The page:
How hotels hosting thousands are handling the measles outbreak

Hotels hosting thousands of Passover travelers are asking guests to vaccinate - but not checking vaccination records.

Ben Sales, JTA,

Hotel entrance and reception (illustrative)
Hotel entrance and reception (illustrative)
iStock

In January, before a measles outbreak spread throughout haredi neighborhoods in New York, Channie Klor booked a Passover stay at a hotel in Pennsylvania for her family of seven.

Four months later, more than 500 cases of the disease have spread throughout the United States in an outbreak linked to Orthodox Jews, especially unvaccinated hasidim who were infected. And the disease is highly contagious: A single haredi traveler from Israel, who went to Michigan via New York City, is alleged to have spread the disease to 39 people after he was misdiagnosed.

That left Klor with a dilemma: Stay home, immunize her 8-month-old baby early in the recommended range for the immunization or stay away from public areas for the length of her hotel stay.

It’s a calculation being made by many of the tens of thousands of religious Jews who will be filling hotels for Passover, dining and mingling in close quarters for eight days.

This year, program organizers in the Greater New York City area are trying to make sure that their clientele isn’t carrying the disease. None who spoke to the Jewish Telegraphic Agency said they were asking for vaccine records. But some said they had asked their guests to be vaccinated before they arrive at the hotel.

“We notified all the people that if they are not taking shots, they cannot come to our hotel,” said Rabbi Motty Katz, manager of the Katz Pesach program at the Long Island Hilton in Huntington, New York. “We’re going to be very strict on that. … If you don’t take a shot, don’t go to a public place.”

Rabbi Yitzchok Neger, one of the managers of the Passover program at the Wyndham Golf Resort in Lancaster, Pennsylvania, said he was “pretty confident we don’t have any virus or contagious situation where we are, with the guests we have.”

Most of his 1,300 guests are not hasidim.

“Our guests are not coming from any of the hasidic communities, so the other communities are very much in favor of it,” he said, suggesting immunization is more common in non-hasidic Orthodox communities. “A lot of our people are coming from places where the rabbis sent a letter to everyone that they should be vaccinated. Some of the shuls here had free clinics.”

Every year, kosher caterers and tourism companies rent out entire hotels for the holiday, providing guests with food, religious services, classes and entertainment. More than 100,000 Jews worldwide, mostly haredi, will be celebrating the holiday at a Passover hotel, according to Raphi Bloom, founder of TotallyJewishTravel.com, a website that serves as a clearinghouse for Passover vacation bookings.

The measles outbreak has been linked to low vaccination rates. Jane Zucker, assistant commissioner of New York City’s Bureau of Immunization, says largely hasidic Williamsburg, in Brooklyn, has one of the lowest rates of vaccine coverage among young children.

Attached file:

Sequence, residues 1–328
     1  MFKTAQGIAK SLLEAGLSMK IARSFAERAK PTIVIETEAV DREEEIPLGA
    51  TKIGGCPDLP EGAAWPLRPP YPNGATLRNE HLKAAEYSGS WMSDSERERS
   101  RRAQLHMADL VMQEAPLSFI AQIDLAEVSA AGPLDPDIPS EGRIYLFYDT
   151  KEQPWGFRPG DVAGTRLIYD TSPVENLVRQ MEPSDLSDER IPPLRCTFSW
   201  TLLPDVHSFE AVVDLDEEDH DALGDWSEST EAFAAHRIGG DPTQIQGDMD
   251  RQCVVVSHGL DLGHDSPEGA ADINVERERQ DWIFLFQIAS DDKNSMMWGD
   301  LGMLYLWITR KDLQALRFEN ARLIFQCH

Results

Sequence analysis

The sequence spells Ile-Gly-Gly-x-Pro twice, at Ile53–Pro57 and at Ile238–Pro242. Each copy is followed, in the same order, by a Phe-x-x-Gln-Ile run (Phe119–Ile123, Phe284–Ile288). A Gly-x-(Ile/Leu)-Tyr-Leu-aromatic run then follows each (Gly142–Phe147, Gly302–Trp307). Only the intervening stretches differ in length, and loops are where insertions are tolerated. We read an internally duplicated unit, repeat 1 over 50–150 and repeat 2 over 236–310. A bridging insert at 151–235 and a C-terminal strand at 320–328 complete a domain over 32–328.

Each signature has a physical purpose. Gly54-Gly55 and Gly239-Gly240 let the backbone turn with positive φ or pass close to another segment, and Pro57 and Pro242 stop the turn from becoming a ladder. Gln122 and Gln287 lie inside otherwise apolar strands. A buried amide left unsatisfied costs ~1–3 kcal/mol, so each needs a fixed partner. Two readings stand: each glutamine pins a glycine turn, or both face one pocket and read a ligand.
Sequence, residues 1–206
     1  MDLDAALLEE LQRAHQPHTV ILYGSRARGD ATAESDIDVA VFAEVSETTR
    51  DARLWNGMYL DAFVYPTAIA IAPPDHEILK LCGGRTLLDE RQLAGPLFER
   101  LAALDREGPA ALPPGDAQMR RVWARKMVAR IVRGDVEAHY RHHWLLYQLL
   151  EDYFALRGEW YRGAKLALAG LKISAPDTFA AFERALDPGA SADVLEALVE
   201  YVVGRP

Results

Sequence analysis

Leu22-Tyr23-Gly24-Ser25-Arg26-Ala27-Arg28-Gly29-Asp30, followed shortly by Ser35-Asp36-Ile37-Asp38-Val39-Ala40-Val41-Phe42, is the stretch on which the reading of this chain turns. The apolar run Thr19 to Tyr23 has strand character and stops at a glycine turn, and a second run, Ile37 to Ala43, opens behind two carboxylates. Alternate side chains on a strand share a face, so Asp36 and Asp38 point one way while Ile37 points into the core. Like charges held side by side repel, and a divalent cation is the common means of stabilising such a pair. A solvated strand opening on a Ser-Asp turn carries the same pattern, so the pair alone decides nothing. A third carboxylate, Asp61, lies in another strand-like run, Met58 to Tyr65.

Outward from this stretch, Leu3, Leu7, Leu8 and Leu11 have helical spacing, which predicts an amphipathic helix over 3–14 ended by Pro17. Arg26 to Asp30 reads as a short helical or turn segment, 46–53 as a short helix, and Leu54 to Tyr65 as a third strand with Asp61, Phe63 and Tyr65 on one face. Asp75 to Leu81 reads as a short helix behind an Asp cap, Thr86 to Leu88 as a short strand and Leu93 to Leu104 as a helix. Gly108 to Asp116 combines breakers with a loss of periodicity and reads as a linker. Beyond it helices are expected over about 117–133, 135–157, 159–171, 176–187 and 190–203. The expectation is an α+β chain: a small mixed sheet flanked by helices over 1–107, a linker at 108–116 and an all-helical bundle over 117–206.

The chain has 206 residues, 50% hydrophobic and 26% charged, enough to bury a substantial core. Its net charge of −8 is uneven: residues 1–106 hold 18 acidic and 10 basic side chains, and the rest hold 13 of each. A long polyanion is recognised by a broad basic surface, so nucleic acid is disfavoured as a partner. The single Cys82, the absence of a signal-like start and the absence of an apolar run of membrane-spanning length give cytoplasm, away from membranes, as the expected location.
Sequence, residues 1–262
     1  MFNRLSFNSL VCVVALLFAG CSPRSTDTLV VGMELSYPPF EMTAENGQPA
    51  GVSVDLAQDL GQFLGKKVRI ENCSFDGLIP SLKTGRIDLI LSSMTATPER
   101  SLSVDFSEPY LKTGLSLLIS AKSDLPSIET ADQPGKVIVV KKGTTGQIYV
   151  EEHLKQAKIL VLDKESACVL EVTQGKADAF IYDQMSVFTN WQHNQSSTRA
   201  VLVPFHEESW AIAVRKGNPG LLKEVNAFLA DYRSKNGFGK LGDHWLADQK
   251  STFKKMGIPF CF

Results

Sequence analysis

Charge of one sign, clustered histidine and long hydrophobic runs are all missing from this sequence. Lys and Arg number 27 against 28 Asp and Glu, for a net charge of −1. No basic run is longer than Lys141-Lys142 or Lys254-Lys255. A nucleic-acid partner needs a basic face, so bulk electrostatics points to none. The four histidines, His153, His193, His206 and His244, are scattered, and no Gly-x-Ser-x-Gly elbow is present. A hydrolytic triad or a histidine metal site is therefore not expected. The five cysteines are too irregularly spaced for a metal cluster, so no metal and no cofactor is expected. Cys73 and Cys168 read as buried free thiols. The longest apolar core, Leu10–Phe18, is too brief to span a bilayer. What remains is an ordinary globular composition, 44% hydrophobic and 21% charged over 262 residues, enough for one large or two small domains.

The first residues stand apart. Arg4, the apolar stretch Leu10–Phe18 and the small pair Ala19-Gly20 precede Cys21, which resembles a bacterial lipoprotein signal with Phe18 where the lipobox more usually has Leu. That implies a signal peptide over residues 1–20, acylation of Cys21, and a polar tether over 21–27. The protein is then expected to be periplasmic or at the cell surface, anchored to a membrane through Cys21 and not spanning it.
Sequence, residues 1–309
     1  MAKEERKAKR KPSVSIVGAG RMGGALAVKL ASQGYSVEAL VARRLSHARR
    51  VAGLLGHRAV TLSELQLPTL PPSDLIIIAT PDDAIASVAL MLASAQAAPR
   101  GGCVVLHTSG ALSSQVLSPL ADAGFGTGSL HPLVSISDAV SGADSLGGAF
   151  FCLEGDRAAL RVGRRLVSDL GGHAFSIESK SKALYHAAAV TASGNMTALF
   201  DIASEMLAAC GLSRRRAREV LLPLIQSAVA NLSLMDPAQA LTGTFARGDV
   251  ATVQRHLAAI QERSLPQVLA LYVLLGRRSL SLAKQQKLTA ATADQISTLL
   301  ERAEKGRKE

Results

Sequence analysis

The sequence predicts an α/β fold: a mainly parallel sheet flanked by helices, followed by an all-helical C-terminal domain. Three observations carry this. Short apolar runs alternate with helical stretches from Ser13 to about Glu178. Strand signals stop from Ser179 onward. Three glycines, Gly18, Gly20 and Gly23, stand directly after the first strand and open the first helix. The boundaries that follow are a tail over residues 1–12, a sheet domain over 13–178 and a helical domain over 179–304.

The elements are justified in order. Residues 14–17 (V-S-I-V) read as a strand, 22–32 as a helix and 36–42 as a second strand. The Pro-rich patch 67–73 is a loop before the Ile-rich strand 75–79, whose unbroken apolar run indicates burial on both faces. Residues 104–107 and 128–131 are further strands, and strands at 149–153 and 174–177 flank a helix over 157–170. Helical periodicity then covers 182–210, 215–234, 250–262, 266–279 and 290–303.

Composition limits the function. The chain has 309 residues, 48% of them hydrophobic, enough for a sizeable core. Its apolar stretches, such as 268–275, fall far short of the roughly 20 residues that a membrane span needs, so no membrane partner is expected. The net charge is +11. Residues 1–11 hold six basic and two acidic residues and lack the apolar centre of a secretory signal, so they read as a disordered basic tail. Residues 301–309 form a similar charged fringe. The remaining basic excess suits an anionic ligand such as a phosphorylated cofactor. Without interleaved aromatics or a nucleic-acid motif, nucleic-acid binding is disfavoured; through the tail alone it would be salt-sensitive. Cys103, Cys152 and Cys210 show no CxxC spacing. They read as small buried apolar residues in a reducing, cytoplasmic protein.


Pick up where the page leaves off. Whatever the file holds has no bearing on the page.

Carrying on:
Agudath Israel of America, which represents haredi Jews, insists that the Orthodox neighborhoods with outbreaks have vaccination rates rivaling those of “many other municipalities,” but that their communities may be more susceptible for other reasons: Its members travel abroad frequently and have tightly related social networks, as well as many children at ages most susceptible to the disease.

Asking guests not to come if they are not immunized is the best approach for hotels to take this close to the holiday, said L’via Weisinger, a member of Emes, Hebrew for “truth,” a new group of Orthodox nurses that encourages vaccination. Had Weisinger theoretically been able to set policy at a hotel, she would have asked every guest to vaccinate and then checked their immunization records at the door.

“You don’t have a right as a citizen to go to a Pesach hotel,” she said. “It’s private, so if they say ‘Unless you’re vaccinated, you’re not welcome,’ there’s nothing wrong with that. Here’s your money back. Whatever.”

“With people mingling from all different communities, from all different programs, all different places, it’s like [opening] a feather pillow [and] gathering all those feathers back.”

In the end, Klor decided to give her baby an early MMR shot. In total, about 30 members of her extended family will be spending Passover at the Wyndham Golf Resort. Had she not been able to immunize her kids, she said, Klor would have spent the holiday keeping them out of the hotel’s public spaces.

“For a second, I thought, maybe we should rent a house instead,” said Klor, a nurse practitioner in South Bend, Indiana. “He’s premature, so I’m a little more protective of him. If I wasn’t able to get him that vaccine, I probably would have ended up going, but would be extremely uneasy the entire time.”

Even outside of the Passover hotel industry, the holiday leads to people crowding together on planes, in synagogue and in stores. A pre-Passover clothing drive in Baltimore required those attending to sign a legal waiver that they had been vaccinated. Klor said that in South Bend, people have been rushing to get vaccinated before the holiday.

“I am angered that I need to voluntarily subject him to more pain than should be necessary because I want to protect him from measles,” Klor wrote on Facebook, referring to her baby. “When you choose to vaccinate it’s about more than you, it’s a selfless decision that protects our most vulnerable population.”




top